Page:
- 09 February, 2020
- Linda Brogan
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Chapter 6. I think I took for granted love was in the bag.
Back to Polly and the plate of chicken. So there is this plate of chicken. It is 10 years ago, actually, possibly, 2009. And she is eating the good bits. And I am eating the shit bits. And I know. And she didn’t. Or did she? And she didn’t fucking care. Now this is the question really. Did she, and she didn’t fucking care? Is she, is she experiencing the right to eat the good bits of chicken? It’s a good fucking question. Has she earned the right to eat the good bits of chicken? There is validation in that. I validate myself like that too. As an exercise in how to feel entitled. And exercise in feeling that I matter. I press the point, often, that I have worth. Our project has worth. Here is an example. For a long time in our Whitworth exhibition I have been checking the headphones everyday. Well, Monday to Friday. I do an extra check on Friday in the hope that the headphones’ volume last at that setting over the weekend. And anxiously on Monday I check that they did. Then a few weeks ago, I thought, what the fuck am I doing? So I wrote an email to the head of the visitor team, a nice email, because I like him, and I explained that the headphones inexplicably go up and down on their own, and asked would he keep an eye on them for me. Then one day I came in and the volume of the speaker was really low. The night before, Thursday night, the visitor team person said he had turned it down because he had a headache. Being reasonable me, I thought okay. That’s okay. ‘But please remember to turn it up again when you’re going home?’ But when I got in on Friday morning he hadn’t remembered. Now I felt mad. But instead of swallowing my madness and never trusting anyone ever again which is my way, I wrote another email to the head of the visitor team. It was a bit sharper this time. I said what had happened. But I also said this wouldn’t happen in the Elizabeth Price exhibition downstairs, their official exhibition. No way on earth would anyone dare to turn the sound down. He wrote a lovely email back saying he was sorry. He would make sure that all was right in the future, for the rest of our gig. I had added a little proviso: because our exhibition is about equality after all. I knew he would understand me. He’s a working class lad. Our exhibition has been real good ever since. All the visitor team check our headphones and music system all the time. I am able to build on this. I build on my feeling of entitlement every day. These little things are tiny volcanoes building a mountain. I am learning that there are certain times when I must say I am entitled to this. I have to tell myself I am entitled to this. Even though, I always expect to be slapped, to be challenged at the very least.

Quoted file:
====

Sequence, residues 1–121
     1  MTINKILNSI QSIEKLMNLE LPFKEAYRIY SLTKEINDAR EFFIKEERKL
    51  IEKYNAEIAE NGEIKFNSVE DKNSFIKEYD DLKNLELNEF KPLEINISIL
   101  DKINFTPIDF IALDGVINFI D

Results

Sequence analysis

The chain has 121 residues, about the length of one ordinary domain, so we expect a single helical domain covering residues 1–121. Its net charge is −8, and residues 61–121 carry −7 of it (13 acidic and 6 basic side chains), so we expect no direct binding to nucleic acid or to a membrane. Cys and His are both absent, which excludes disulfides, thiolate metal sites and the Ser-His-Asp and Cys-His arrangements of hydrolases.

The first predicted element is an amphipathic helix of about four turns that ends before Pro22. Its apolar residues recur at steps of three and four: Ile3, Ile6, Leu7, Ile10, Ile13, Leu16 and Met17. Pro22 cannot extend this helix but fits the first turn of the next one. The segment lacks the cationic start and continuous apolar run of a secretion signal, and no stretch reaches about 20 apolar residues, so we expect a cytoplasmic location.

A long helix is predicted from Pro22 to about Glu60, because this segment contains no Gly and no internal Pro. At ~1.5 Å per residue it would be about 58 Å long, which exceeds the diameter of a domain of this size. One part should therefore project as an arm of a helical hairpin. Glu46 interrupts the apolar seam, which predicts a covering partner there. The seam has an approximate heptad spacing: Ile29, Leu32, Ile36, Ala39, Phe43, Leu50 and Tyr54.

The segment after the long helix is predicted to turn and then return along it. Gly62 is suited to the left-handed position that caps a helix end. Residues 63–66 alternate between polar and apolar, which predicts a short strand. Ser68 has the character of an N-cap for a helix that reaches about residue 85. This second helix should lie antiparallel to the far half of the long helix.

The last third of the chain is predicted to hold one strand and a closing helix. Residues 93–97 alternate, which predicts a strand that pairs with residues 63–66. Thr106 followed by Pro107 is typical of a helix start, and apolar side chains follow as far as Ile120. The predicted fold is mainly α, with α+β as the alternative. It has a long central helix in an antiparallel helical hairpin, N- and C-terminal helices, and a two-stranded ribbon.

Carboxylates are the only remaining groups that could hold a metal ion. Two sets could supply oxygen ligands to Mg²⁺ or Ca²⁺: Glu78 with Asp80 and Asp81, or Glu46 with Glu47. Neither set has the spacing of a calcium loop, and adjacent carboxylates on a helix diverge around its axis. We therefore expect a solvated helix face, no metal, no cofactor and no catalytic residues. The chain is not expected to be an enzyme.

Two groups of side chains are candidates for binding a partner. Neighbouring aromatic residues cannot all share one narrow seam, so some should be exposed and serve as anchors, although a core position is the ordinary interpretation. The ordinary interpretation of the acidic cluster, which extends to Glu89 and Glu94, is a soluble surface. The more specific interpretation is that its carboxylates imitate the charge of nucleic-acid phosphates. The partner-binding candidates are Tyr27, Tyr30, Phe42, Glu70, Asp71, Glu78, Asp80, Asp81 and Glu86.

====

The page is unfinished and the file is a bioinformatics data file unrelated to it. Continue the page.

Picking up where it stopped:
Back to the question: was Polly taking the chicken, not sharing the good chicken, because she needs to validate herself as the head of an organisation, and she has to believe that she is top in order to get what she needs done? I get that. There has to be a pecking order. People have to be a little afraid of your status. I am becoming more aware of my status because my status is useful to me, to us. If we want to feel entitled, we must act entitled. Although in truth, of course, we are actually entitled. But I’m beginning to understand you have to play a little game with yourself until it becomes second nature to you. We must emancipate ourselves from feeling like we are not entitled. And until that entitled feeling becomes normal, we have to insist on being registered as entitled. Or has she, does she, has she never had to think of it at all? Is her entitlement like salt in water? Is her entitlement indistinguishable? Does she never have to think? Does she just feel that the world is her oyster? She’s just an example. She was my clearest example. The chicken was my clearest illustration. I spent all night on the balcony, on Louise’s balcony, the balcony we shared, thinking about it. Sat at the bottom of the spiral staircase. My head was spiralling. I was underwater. Drowning in Polly’s saltwater: in the saltwater of all the Pollys that have ever lived. How will I know what fresh water feels like? What does it taste like? The arts is nothing but saltwater. They are used to their saltwater.
I did my mind maps, brainstorming with pictures. I didn’t even know how to look at it. What was I looking for? All I kept drawing was images of slavery. This is the new slavery. We are no longer in the field. We are the field. They are reaping us for their mortgage. They are actually cutting us down with their scythe. Who is doing the cutting? They are too lazy to do the cutting. Some of us are cutting the rest of us down. But I still had to write the play. I still had my half of the bills to pay.
‘Okay, I’ll do it.’ I said on the phone to Polly the next day. ‘I’ll dramatize the Silent Twins, the play about June and Jennifer Gibbons who burnt down their school because they were also drowning in saltwater.’